Although the English statute makes it necessary to arrive at a conclusion upon this point, yet there is no 'practical experience' [190 U.S. 340, 347] as to the chances of the continuance of widowhood, such as may be referred to where the probable continuance of life is involved. In the latter case we have the experience tables in regard to millions of lives, and, under such circumstances, there is, as Lord Justice James said, almost a certainty as to the valuation to be put on such a contingency. But under the English statute, the 31st section makes every kind of debt or liability provable in bankruptcy except demands in the nature of unliquidated damages arising otherwise than by reason of a contract or promise, so long as the value of the liability is 'capable of being ascertained by fixed rules, or assessable only by a jury, or as matter of opinion.' So, under that act, in Ex parte Neal, L. R. 14 Ch. Div. 579, there was a separation deed between husband and wife, and the husband was to pay an annuity to the wife, which was terminable 'in case the wife should not lead a chaste life; in case the husband and wife should resume cohabitation; and in case the marriage should be dissolved in respect of anything done, committed, or suffered by' the other party, after the date of the deed. The annuity was also to be proportionately diminished in the event of the wife's becoming entitled to any income independent of the husband, exceeding a certain amount a year. After the execution of the deed the husband went through bankruptcy, and it was held that the value of the annuity was capable of being fairly estimated and was provable in the liquidation. In that case, speaking of the 31st section of the act of 1869, it was stated that 'words more large and general it is impossible to conceive; they cover every species of contingency.' It was also stated that it was 'difficult to see how any case could arise which would not come within' the language of this act. Bramwell, Lord Justice, said: 'But for the present bankruptcy act, our decision must have been the same as that in Mudge v. Rowan' (1868) L. R. 3 Exch. 85; but he said that the present bankruptcy act was very different in its terms from the act which was in force when that case was decided.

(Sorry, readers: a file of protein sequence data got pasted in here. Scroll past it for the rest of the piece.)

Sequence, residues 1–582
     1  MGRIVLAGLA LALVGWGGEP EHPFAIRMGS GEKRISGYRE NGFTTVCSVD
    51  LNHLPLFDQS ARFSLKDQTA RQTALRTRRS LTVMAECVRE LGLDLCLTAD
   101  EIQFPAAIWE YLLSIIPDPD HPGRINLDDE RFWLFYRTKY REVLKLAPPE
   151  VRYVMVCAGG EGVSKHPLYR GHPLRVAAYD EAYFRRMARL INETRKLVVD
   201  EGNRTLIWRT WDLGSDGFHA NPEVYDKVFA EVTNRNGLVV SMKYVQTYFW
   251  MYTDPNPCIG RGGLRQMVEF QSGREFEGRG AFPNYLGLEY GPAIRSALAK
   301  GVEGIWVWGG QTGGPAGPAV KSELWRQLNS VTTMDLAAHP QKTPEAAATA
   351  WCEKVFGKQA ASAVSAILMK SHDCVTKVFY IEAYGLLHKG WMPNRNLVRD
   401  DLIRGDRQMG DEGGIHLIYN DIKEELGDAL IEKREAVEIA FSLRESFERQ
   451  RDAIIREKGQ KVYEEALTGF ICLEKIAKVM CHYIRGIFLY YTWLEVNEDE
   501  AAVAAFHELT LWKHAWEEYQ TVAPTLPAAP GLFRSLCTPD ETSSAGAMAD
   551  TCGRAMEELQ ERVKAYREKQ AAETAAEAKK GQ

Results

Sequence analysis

In the case of mudge v. Rowan, L. R. 3 Exch. 85, there was a deed of separation between husband and wife, in which the husband covenanted to pay an annuity to his wife by quarterly instalments, the annuity to cease in the event of future cohabitation [190 U.S. 340, 348] by mutual consent. It was held that this was not an annuity provable under the bankruptcy act of 1849, 12th and 13th Vict. chap. 106, 175; nor a liability to pay money under the 24th and 25th Vict. chap. 134, 154.